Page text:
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Scientists produce a detailed genomic map of mutations and epigenetic changes associated with smoking tobacco across 17 tumor types.
November 3, 2016|
WIKIMEDIA, POPULAR SCIENCE MONTHLY VOLUME 20Researchers have uncovered the genomic mutations and DNA methylation patterns likely caused by tobacco smoke in 17 types of cancerous tumors. A comprehensive survey of mutations likely caused by carcinogens found in tobacco smoke by researchers at the Los Alamos National Laboratory in New Mexico, the Wellcome Trust Sanger Institute, and their colleagues was published today (November 3) in Science. The work provides a window into understanding the mechanisms by which tobacco smoke induces mutations that can lead to cancer in tissues that are directly or indirectly exposed to it.
“Comparing the mutations in cancers arising in smokers and non-smokers using genomic sequencing has never been done to this extent,” Gerd Pfeifer of the Van Andel Research Institute in Michigan, who was not involved in the work but penned an accompanying editorial, told The Scientist.
“This study highlights how important primary prevention remains for tobacco-related cancers and how much we still don’t know about the details of how tobacco causes cancer,” said Steve Rozen of the Duke-NUS Center for Computational Biology in Singapore who also was not involved in the study.
Ludmil Alexandrov of the Los Alamos National Lab, along with the Wellcome Trust’s Michael Stratton and their colleagues, used whole-genome sequences of 610 tumors and the exomes of 4,633 additional tumors, together covering 17 smoking-associated forms of cancer. The researchers examined each tumor as a mixture of multiple genomic mutation signatures identified in a previous study, which spanned a wider range of tumor types.?? Of the 5,243 tumors the researchers examined in the present study, 2,490 were derived from tobacco smokers and 1,063 from never-smokers.
“The hypothesis is that chemicals in tobacco directly damage DNA in tissues like the lung that are directly exposed to tobacco smoke. But there is not an understanding of how tobacco smoke increases the risk of cancer in other tissues not directly exposed to smoke like the bladder, and kidneys,” Alexandrov told The Scientist. “We wanted to understand the mechanisms by which tobacco can increase the risk for cancer.”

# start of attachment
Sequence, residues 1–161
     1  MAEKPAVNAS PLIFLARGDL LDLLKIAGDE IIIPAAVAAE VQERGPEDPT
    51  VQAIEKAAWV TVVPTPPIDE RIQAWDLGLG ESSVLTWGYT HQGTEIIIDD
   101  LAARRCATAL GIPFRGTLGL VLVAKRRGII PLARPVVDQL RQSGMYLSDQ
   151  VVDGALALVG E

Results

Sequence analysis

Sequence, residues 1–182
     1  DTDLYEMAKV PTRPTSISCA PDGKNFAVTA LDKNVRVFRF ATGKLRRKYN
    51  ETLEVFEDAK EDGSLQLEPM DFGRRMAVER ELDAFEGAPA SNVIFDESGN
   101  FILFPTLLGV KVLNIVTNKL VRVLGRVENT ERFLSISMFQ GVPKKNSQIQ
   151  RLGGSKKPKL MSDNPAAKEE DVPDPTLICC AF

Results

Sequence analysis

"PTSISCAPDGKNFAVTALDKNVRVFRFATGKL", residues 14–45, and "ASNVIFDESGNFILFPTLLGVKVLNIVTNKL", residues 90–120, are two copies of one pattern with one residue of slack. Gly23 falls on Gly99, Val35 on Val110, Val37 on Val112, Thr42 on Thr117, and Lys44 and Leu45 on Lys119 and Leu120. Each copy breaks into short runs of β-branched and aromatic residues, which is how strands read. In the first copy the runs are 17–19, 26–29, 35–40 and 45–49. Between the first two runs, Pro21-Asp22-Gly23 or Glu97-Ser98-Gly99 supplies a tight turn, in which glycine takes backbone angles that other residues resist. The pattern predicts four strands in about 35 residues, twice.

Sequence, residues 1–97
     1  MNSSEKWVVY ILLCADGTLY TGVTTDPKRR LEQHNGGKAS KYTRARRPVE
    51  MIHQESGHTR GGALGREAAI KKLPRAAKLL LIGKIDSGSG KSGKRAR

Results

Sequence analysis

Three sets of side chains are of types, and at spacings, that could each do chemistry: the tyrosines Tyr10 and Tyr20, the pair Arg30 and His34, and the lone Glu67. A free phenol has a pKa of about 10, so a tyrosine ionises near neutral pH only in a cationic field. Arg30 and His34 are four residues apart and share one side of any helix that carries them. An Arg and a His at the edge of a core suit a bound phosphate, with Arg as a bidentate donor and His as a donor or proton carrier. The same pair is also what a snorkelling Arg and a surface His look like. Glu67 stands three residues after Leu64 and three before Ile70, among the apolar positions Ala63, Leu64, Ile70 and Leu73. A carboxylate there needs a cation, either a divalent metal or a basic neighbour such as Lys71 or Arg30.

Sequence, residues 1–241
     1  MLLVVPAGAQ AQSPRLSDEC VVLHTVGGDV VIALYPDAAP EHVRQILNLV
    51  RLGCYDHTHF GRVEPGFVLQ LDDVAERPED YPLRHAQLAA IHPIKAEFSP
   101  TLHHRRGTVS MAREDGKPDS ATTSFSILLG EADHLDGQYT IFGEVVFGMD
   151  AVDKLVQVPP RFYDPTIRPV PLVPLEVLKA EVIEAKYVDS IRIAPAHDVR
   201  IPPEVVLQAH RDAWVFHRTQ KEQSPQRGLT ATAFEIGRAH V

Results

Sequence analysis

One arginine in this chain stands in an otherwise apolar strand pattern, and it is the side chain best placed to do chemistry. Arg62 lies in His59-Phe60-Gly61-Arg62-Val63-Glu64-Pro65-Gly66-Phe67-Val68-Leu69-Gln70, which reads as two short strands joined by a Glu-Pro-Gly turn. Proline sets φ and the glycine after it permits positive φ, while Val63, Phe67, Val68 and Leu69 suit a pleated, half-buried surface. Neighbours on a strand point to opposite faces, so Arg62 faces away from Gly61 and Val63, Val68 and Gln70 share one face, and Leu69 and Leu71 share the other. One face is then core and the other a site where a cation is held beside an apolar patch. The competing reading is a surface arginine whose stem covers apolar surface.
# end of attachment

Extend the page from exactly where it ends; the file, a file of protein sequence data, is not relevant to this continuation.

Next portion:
The tumor types with the highest odds ratio for developing cancer in individuals who smoke an average of more than 30 cigarettes a day are those that occur in tissues directly exposed to tobacco smoke, the researchers showed (small cell lung cancer, squamous lung cancer, and lung adenocarcinomas). Tallying the number of mutations observed in lung tissue samples, the researchers estimated that approximately 150 mutations accumulate in a given lung cell in individuals who smoke a pack of cigarettes a day for a year.
The team also found a mutational signature characteristic of tumors of the lung and larynx in smokers. This guanine-to-thymine base-pair change is thought to occur as a result of DNA adducts on guanines and has been previously demonstrated as the mutational signature that occurs in cells exposed to a known tobacco-derived carcinogen.
For tissues indirectly exposed to tobacco smoke, the picture is more complicated.
The researchers uncovered a complex mutational pattern spanning all the cancer types examined. This cellular aging–related mutational pattern was found in tumors from smokers and nonsmokers, but was enriched among smokers. “What we think is happening in this case is that tobacco smoke is deregulating a molecular clock, and that is increasing the speed with which these mutations accumulate,” explained Alexandrov. How these mutations occur is not yet clear.
“The tissues with direct tobacco exposure look different than tissues exposed indirectly,” said Rozen. “The ones affected indirectly are more mysterious, pointing out that we really don’t know the mechanism by which smoking causes tumors in these tissues.”
While different DNA methylation patterns in the blood cells of smokers compared to nonsmokers have been observed, in the present study, the researchers observed similar patterns of methylation in both groups.
Several tissues in which tobacco smoke–associated cancers develop are those involved in metabolism and waste filtration, such as stomach, liver, bladder, and kidney. “These tissues don’t see the tobacco smoke directly, so the tobacco is likely acting through a proxy,” Alexandrov told The Scientist.
“We thought that this study would confirm prior results about smoking and cancer-causing DNA mutations,” he continued. “But we found quite a few new mechanisms suggesting that there is a lot that we still don’t know.”
Pfeifer suggested that the approach should now be used to study the origins of other cancers for which the carcinogen is unknown. “We can look at the mutational signatures to give us good clues on the type of mutagen that could have caused the mutations,” he said.
Alexandrov, Stratton, and colleagues now plan to apply the same methodology to uncover the mutational patterns and potential mechanisms behind other factors, such as obesity and hormonal changes, known to increase the risk of certain cancers. “We know that tobacco causes cancer and have revealed a suite of potential mechanisms. But there are a host of other factors that cause cancer and yet we have no idea about the mechanisms,” Alexandrov said.
L.B. Alexandrov et al., “Mutational signatures associated with tobacco smoking in human cancer,” Science, doi:10.1126/science.aag0299, 2016.